Scott had gone into survival mode and he really made some good choices after his first big mistake of not taking extra gas with him that day. My big mistake was leaving the cabin. I shouldn’t have done it. I should have stayed put. Most survival stories are built on big mistakes, and we both made them.
Joel came back to camp around 3:30 AM. Jim was still out behind camp searching for Scott. They had gotten separated on Scott’s confusing network of trapping trails. It’s scary when it’s 25 below out there and you’re following endless trails around in the dark. Everything looks the same. They could have ended up going in circles and running out of gas like Scott did.
At 4:15 AM we heard a big airplane and helicopter fly over our camp. Jim had sent the GPS coordinates of the area and they were looking for Scott with heat seeking equipment and night vision goggles.
Kevin and I were excited and anxious now that the team was in the area. We were desperate for them to locate Scotty, but so afraid of what they might find. The moment was upon us and we had to face whatever came next.
Scott was sitting by his fire, freezing, weak, tired, hungry and thirsty. He had been trying to talk himself into getting up and finding more firewood. His fire was burning low and he was feeling too weak to get more.
Scott heard what he thought must be a military plane getting closer and closer. They must be looking for me! he thought. He grabbed his head lamp—he’d been saving the last of the battery power for just this reason. Scott ran out of the woods into the open. Later he said, “I don’t even know how I got out there. One minute I was sitting there and the next I was up and running.” The rescue team in the plane saw his heat signature and radioed his location to the helicopter. It didn’t take the helicopter long to arrive at Scott’s makeshift camp to pick him up. The chopper’s rotor blast nearly sent Scott flying into the trees, but he didn’t care—they had found him! Scott could not believe he had survived. One of his rescuers got out of the helicopter, asked him his name, and asked if he was “the dad.” Scott yelled over the roar of the chopper, “I don’t care who I am, just get me outta here!” He had been stranded outside in freezing temperatures since December 7th and on December 11th; the Air National Guard plucked Scott from the fingers of certain death.
Kevin had put some flashlights out to indicate the safest landing zone for the helicopter, and around 5:15 AM they set down on the lake. He ran out to see if they had found his dad. When he was gone all I could do was sit with my hands covering my face, I didn’t want to hear that Scott was gone.
When Kevin reached the helicopter doors, against all odds and to his utter amazement he saw his dad alive! Kevin climbed in and hugged him and over the roar of engines said, “Mom was attacked by wolves, but she’s okay.” Scott said, “What the hell’s going on here?” He told me later that he hoped I would stay at the cabin, but knew I would probably try and go for help.
Kevin came bursting through the cabin door and said, “Mom, Dad’s alive! He’s alive!”
I yelled, “He’s alive?” I don’t know why I asked Kevin this question but I asked, “Are his feet frozen?” Kevin said, “No, no, he’s fine!” And I said, “Man, he is one tough SOB. I can’t believe he’s alive!”
The Air National Guard rescue crew followed Kevin into the cabin and told me that they had to get us to the hospital in Anchorage. I’d thought that they would drop Scott off and we would just head home with Kevin in the morning. I didn’t want to be a burden to anyone.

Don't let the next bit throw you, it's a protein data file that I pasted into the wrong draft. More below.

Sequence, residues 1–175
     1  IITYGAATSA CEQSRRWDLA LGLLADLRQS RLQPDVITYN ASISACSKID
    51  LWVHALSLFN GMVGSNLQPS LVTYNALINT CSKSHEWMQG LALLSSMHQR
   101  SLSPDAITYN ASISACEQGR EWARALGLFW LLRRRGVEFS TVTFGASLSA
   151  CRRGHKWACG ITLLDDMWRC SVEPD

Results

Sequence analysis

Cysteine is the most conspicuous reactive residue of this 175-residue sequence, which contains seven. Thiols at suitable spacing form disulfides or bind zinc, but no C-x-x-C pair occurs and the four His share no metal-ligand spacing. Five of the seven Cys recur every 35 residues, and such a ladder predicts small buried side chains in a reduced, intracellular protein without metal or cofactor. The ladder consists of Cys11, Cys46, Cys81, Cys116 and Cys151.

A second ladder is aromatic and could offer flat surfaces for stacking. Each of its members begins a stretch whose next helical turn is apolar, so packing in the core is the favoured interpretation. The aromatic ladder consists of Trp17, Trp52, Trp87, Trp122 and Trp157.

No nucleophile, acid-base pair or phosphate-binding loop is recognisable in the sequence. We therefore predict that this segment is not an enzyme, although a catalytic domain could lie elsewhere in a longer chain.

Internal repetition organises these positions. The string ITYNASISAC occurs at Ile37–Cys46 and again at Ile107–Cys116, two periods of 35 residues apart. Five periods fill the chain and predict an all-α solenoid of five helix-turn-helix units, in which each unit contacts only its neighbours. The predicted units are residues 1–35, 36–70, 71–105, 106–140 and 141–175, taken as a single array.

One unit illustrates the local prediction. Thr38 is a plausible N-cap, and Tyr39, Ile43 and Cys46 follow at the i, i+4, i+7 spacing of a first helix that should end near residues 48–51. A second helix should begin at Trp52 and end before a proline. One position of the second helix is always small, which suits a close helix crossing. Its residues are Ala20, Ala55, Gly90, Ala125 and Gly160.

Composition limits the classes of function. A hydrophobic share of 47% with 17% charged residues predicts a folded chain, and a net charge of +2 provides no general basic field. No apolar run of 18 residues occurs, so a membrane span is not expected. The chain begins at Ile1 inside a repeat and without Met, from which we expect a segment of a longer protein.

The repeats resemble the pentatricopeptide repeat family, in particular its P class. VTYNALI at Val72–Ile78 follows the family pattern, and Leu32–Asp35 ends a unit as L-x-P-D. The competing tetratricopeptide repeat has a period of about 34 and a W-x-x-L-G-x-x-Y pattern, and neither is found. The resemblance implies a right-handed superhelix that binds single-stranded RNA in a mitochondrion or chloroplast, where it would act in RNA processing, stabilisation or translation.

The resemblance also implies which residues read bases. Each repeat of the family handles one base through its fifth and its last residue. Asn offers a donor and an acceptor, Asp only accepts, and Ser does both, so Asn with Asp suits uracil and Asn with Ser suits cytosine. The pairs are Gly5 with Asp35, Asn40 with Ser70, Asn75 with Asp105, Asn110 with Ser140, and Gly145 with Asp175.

When our rescuers came in the cabin they were decked out in “high tech gear” and looked pretty frightening. One of them introduced himself as Jeremy and told me that they were going to put me on a stretcher and carry me to the helicopter. The stretcher they brought in set off all of my “claustrophobia bells!” I had just been under that coffin-like sled, but that had been life or death, do it or die. This was totally different. I had time to think about my fears. This stretcher was kind of like a mummy bag. It zips up over your arms and head and even has a flap over your face to protect you from the rotor blast. I told them I just couldn’t handle it and that it was never going to happen. They relented, but told me I had to be strapped to the stretcher without the bag, and had to wear gloves and cover my face or else I wouldn’t be able to breathe in the rotor blast.
When they got me up to the helicopter doors I saw Scott sitting there drinking a cup of steaming coffee. What a sight for sore eyes! I was strapped onto that stretcher but we awkwardly hugged one another and cried. We had so many questions to ask but couldn’t hear one another over the helicopter noise. Right then we didn’t need to talk, we just held on to each other the best we could and cried with relief.
Scott and I wanted to take Elvis with us on the helicopter, but he had to stay with Kevin at the cabin. It was a cold ride back to Cantwell for little old Elvis and our rescue boys, but they all made it home safely!
I believe Scott and I are alive today because of Kevin, Kaeleen and Blaine’s unwavering resolve to find us. Kaeleen had been making calls to the Cantwell fire department and troopers since 7:30 PM on December 10th. Kevin talked to the troopers and fire department numerous times trying to line out a rescue party. And because Blaine was on “the slope,” he did the only thing he could do for us … he prayed!
For safety’s sake most of the local rescue teams intended to wait until morning to search for us. But Kevin and Joel were going to look for us whether the trooper and fire department came or not. Kevin told Jim, “No way am I waiting! My Dad has a heart condition and they would never be late unless something was wrong. We have to go find them tonight!” This was when Jim really got on board with the late-night search.
A heartfelt thank you to Kevin, Jim, and Joel for risking their lives to come find us. Scott and I also want to thank The Alaska Air National Guard Search and Rescue Team for their part in giving our survival story a happy ending.
– by Vivian Mayo